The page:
The Green Years by Archibald Joseph Cronin
Originally published in 1945, The Green Years is one of A J Cronin’s best-loved novels. It tells the story of Robert Shannon, a young Irish Catholic boy, who, orphaned at the age of seven, is brought to live with his mother’s estranged family in Scotland. As he grows up in a dour Presbyterian town, only his great-grandfather, an incorrigible, swaggering, charming, larger-than-life character, seems able to rescue him from the narrow interests of the people who try to shape his life in their own image.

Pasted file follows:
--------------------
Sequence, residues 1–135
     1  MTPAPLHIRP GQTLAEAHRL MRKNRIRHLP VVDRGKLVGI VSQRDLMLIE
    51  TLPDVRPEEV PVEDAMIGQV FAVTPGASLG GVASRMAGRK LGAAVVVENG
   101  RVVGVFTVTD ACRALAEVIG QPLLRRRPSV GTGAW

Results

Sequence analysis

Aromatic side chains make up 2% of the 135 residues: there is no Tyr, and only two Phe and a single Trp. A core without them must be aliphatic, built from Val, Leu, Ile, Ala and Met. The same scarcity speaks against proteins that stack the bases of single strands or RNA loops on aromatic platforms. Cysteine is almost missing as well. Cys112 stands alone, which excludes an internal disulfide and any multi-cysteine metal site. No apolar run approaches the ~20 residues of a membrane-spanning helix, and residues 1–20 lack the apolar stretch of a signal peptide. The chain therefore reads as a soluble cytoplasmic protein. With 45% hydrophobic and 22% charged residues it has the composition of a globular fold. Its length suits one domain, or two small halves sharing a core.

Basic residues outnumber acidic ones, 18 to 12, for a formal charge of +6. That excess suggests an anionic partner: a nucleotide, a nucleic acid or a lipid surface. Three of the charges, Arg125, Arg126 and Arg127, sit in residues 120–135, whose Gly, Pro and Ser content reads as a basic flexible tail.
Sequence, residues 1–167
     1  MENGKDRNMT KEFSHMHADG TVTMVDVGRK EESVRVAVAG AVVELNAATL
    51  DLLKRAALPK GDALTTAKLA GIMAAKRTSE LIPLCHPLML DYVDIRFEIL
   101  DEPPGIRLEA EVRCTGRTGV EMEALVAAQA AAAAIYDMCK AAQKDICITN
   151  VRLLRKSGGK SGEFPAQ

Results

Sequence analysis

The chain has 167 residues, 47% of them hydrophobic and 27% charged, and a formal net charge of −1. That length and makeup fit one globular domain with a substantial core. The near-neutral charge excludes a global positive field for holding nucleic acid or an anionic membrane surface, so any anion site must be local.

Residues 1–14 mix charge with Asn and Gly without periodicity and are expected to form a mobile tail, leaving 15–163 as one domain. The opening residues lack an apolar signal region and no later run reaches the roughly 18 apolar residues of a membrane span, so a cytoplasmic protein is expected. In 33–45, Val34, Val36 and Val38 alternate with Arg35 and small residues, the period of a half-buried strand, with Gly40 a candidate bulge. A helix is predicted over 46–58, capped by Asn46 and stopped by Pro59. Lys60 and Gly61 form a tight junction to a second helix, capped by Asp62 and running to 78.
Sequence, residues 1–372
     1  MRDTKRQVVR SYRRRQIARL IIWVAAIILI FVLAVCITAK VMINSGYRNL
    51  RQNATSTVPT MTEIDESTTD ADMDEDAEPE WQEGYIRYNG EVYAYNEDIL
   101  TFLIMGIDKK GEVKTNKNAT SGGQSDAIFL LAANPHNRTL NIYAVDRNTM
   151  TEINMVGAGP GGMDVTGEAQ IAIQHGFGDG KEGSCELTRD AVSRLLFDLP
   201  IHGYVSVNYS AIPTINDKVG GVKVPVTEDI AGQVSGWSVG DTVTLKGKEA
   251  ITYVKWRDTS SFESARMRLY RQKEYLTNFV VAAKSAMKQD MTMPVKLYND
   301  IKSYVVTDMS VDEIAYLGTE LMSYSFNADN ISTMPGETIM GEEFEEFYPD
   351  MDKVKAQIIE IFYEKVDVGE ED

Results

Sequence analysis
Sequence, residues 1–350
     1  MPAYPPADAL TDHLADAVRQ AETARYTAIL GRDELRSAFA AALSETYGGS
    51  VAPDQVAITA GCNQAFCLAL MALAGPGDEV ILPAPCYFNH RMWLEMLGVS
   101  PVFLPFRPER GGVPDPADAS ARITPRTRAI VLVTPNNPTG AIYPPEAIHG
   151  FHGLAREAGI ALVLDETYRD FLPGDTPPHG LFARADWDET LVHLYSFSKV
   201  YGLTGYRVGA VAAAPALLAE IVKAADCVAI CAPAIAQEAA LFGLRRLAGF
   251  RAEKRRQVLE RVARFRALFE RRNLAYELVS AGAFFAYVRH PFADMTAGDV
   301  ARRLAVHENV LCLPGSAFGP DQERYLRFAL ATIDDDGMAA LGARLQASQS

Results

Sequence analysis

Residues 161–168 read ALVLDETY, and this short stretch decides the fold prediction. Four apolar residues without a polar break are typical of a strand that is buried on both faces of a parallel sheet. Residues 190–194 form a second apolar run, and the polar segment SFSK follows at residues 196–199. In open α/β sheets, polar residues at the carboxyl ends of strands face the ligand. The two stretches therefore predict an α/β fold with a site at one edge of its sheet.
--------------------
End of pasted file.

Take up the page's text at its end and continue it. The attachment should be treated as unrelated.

Disappointed in love and in his burning ambition to study medicine, the eighteen-year-old Robert sees his future as a blank wall. But, once again, he is saved from despair by his fiery relative, much to the chagrin of the rest of the family.
This compassionate story of a boy’s growth to manhood, set against the harsh reality of life at the turn of the century, shows A J Cronin at his masterly best, creating a vivid gallery of characters with his customary blend of imagination, insight and tenderness.
In the magnificent narrative tradition of The Citadel, The Stars Look Down and Cronin’s other classic novels, The Green Years is a great book by a much-loved author
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